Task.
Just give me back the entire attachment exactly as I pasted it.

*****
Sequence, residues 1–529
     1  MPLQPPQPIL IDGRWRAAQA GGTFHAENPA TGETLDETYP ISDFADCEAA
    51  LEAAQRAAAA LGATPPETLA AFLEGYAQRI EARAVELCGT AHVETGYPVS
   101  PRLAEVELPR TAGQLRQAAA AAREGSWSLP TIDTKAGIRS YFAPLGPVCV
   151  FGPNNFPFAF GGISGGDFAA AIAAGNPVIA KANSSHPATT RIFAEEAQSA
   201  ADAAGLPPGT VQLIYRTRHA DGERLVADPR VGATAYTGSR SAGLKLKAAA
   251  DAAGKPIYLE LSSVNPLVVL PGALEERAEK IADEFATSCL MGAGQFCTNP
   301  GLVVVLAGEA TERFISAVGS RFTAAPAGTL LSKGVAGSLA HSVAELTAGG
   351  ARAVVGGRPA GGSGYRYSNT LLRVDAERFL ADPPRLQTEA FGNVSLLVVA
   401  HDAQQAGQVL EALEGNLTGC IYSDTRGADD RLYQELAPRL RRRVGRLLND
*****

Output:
Sequence, residues 1–529
     1  MPLQPPQPIL IDGRWRAAQA GGTFHAENPA TGETLDETYP ISDFADCEAA
    51  LEAAQRAAAA LGATPPETLA AFLEGYAQRI EARAVELCGT AHVETGYPVS
   101  PRLAEVELPR TAGQLRQAAA AAREGSWSLP TIDTKAGIRS YFAPLGPVCV
   151  FGPNNFPFAF GGISGGDFAA AIAAGNPVIA KANSSHPATT RIFAEEAQSA
   201  ADAAGLPPGT VQLIYRTRHA DGERLVADPR VGATAYTGSR SAGLKLKAAA
   251  DAAGKPIYLE LSSVNPLVVL PGALEERAEK IADEFATSCL MGAGQFCTNP
   301  GLVVVLAGEA TERFISAVGS RFTAAPAGTL LSKGVAGSLA HSVAELTAGG
   351  ARAVVGGRPA GGSGYRYSNT LLRVDAERFL ADPPRLQTEA FGNVSLLVVA
   401  HDAQQAGQVL EALEGNLTGC IYSDTRGADD RLYQELAPRL RRRVGRLLND